The New Zealand sport writer Malcolm Cocker summed up yesterday’s All Blacks versus Canterbury Crusaders match in two sentences.
“The All Blacks dominated for 50 minutes, had little trouble with the Crusaders in a lot of areas and left Forsyth Barr Stadium with a 26-17 victory,” he wrote.
Crusaders lock Joe Moody got it right. I saw two All Blacks preparing to go into the storm.
In one corner, Daniel Carter and Richie McCaw made a cogent discussion about where the Crusaders were faring and where the All Blacks needed to improve.
“You understand where we are at? We’re attacking the Crusaders less than we do the Blues and the Reds, and we’re not attacking they way that we should.”
In the other corner, Jerome Kaino was making a joke about Adam Thomson’s bruising style. Thomson, of course, was involved in many a tackle in 2009 when he was the captain of the Crusaders.
Jokes about (and about) headbutting aside, there were always deep security doubts about the Canterbury ground, only 100 metres away from a certain US naval base in the south island, the only venue where international rugby matches have been played on five previous occasions.
The double-lockup fiasco, with its communal areas turned into makeshift gyms, doctors practices and apartments, left a nasty taste in the mouth – and it wasn’t very tasty, to put it mildly.
The record crowd of 30,000 – a further 2,000 fans turned up to the stadium on a day that previously hadn’t seen a crowd above 15,000 – was testament to the All Blacks’ spirit and the Crusaders’ brand of aggression.
But it also showed the potential for disaster. First, Canterbury Stadium is in a remote corner of New Zealand. The contract for playing the game was sold out long before the All Blacks’ team was announced.
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New Zealand had, and still has, plenty of options in a city of more than 700,000. It can bring in a team from Invercargill, which can be as near as that area in New Zealand.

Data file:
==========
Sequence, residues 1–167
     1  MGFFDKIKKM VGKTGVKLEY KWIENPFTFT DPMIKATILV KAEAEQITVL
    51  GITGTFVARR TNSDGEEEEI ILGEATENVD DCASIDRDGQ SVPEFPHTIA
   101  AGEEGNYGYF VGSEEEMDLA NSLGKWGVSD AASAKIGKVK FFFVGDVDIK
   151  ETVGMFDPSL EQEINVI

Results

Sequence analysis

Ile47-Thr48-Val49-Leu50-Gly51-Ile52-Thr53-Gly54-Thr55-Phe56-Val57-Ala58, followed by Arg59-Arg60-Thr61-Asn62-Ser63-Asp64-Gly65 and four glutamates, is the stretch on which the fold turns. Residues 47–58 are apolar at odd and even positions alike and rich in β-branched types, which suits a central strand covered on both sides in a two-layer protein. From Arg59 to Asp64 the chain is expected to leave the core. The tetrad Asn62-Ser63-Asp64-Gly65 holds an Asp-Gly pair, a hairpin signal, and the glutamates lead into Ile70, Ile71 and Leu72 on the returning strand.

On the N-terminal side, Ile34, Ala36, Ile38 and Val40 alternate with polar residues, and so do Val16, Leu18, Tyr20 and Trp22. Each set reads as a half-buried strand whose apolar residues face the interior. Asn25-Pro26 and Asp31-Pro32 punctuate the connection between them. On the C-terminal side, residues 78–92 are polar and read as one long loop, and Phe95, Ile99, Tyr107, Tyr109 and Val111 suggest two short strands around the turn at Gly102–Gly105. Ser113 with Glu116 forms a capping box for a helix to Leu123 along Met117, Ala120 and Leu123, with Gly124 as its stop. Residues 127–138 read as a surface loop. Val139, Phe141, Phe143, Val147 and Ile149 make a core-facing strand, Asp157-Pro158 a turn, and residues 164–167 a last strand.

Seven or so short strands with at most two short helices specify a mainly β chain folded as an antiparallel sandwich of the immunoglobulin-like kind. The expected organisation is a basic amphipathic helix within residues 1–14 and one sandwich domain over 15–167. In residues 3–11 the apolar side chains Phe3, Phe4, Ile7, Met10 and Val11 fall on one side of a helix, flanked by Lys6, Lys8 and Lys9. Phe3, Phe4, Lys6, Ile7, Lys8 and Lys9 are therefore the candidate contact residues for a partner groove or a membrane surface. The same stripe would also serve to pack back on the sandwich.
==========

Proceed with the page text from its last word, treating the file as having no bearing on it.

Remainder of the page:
Second, the All Blacks’ dominance early in the game had some entertaining characters in the stands. Steffon Armitage and his brother Jamie, who plays for the Canterbury rugby team, were making themselves at home.
The most dangerous person in the stands is probably a petrol monkey, but they are usually more of a nuisance than a threat. The All Blacks’ defence had to be sharp because of that petrol monkey.
On the surface, I give the All Blacks the benefit of the doubt. For every All Black who has needed to be reminded that they are not going to be in charge of everything in every match, another one is likely to pop up in the crowd, ready to break down the steel barrier between their world and ours.
The tourists may well come out strong in the second half at the Eden Park, which has been known to do what Marmaduke Hussey describes as “crashing the party”.
How would the Kiwis react? Will they be hit with a James Hook, Ma’a Nonu and Dan Carter-type mental squeeze, the same way that Eden Park has hit home more than a few sides in the past? Or will they emerge stronger?
The All Blacks bring a message that they can ride their brilliance and still be effective. Their enemies bring nothing except a little bit of danger, which New Zealand should be able to handle.
As another stadium has shown, a Kiwi’s defence must always be at the full strength.